- Take the steak out of the fridge, pat it dry with paper towels, and salt it liberally on both sides. Let sit on the counter (at room temperature) for 20 to 30 minutes. Room-temperature meat will produce juicier, more evenly cooked steaks.
- Season the steak with pepper, rosemary, and thyme; press down the herbs into the meat using your fingers.
- Set a 10-inch cast iron skillet over medium heat. You can also use a heavy-bottomed skillet.
- Heat up the skillet; then add the butter and olive oil. Melt the butter and swirl it around to cover the entire bottom of the skillet.
- Add the steak to the skillet and cook for 5 minutes, or until browned on the bottom.
- Turn the steak over; add smashed garlic to the skillet and continue to cook for 5 more minutes for a rare steak, basting the steak with the butter drippings. Tilt the skillet so it’s easier to spoon the butter drippings over the steak.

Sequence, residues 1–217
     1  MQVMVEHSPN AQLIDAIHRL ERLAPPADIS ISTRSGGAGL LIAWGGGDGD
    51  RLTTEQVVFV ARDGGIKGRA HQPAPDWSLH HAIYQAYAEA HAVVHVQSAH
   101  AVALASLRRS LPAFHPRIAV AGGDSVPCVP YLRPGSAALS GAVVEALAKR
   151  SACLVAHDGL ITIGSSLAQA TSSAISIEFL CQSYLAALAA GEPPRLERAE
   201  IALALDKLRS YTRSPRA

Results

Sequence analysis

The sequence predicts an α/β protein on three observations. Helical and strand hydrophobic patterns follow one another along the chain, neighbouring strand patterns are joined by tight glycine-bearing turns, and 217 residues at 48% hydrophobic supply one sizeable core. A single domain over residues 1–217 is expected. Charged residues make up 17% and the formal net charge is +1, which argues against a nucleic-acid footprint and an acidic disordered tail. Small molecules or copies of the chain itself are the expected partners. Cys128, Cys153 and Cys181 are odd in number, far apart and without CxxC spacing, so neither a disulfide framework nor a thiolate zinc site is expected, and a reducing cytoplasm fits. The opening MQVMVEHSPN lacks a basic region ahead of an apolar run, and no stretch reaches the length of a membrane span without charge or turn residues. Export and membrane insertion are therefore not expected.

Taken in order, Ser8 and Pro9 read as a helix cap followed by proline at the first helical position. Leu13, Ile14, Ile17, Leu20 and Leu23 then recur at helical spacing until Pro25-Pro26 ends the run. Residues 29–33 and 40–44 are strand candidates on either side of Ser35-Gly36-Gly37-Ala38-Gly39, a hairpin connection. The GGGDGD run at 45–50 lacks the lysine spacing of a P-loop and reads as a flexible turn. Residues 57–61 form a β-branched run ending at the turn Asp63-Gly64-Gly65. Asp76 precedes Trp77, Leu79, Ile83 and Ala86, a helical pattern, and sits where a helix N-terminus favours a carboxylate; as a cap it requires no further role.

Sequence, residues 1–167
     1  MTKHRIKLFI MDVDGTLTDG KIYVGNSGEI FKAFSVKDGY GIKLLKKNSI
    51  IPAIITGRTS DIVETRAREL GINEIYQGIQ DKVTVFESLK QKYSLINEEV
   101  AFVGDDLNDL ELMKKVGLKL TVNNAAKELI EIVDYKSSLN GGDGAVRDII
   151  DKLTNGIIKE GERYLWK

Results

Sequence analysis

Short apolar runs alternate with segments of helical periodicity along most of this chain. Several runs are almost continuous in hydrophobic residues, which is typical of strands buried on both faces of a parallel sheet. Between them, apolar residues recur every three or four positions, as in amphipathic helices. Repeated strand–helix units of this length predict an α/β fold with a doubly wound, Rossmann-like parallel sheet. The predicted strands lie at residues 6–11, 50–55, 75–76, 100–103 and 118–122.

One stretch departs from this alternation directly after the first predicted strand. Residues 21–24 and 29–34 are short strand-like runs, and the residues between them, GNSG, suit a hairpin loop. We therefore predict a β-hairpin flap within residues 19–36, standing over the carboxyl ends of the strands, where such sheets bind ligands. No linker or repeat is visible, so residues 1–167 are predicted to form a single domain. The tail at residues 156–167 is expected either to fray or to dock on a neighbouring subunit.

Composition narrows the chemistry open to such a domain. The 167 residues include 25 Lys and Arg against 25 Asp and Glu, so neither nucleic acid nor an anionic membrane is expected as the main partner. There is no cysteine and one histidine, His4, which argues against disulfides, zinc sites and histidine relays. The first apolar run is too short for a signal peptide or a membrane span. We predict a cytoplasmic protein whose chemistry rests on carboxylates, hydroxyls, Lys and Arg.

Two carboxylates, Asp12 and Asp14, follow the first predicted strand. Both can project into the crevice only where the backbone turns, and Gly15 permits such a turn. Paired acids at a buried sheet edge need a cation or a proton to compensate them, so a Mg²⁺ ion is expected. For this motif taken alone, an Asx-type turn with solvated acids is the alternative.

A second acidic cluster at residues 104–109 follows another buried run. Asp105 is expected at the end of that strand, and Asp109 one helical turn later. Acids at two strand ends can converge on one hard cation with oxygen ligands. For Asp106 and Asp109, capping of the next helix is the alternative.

- Check the internal temperature before removing it from the heat. For a rare steak, the internal temperature should read 120˚F; for medium-rare, it should be around 125˚F and 130˚F. Thicker steaks will take longer to cook through.
- Remove from heat and immediately transfer the steak to a cutting board; let rest for 8 to 10 minutes before cutting and serving.
- Top with parsley and serve.
- Hot Pan: Ensure the skillet is hot for proper sear and juiciness.
- Use a Thermometer: An instant-read meat thermometer allows quick and repeated checks for perfect doneness.
- Butter Trick: Add butter on top while the steak rests to boost flavor and moisture.
- Rest the Steak: Let the steak sit at room temperature before and after cooking for evenness and juiciness.
- Season Well: Season your steaks generously; it enhances the flavor.
- High-Quality Oil: Use oils with high smoke points to prevent burning.
- Avoid Overcrowding: Ensure each steak has space for a good sear.
- Fresh Herbs: Add herbs like rosemary or thyme for extra flavor during the last minutes of cooking.
- Proper Searing: Sear both sides for flavor and appearance.
Nutritional info is an estimate and provided as courtesy. Values may vary according to the ingredients and tools used. Please use your preferred nutritional calculator for more detailed info.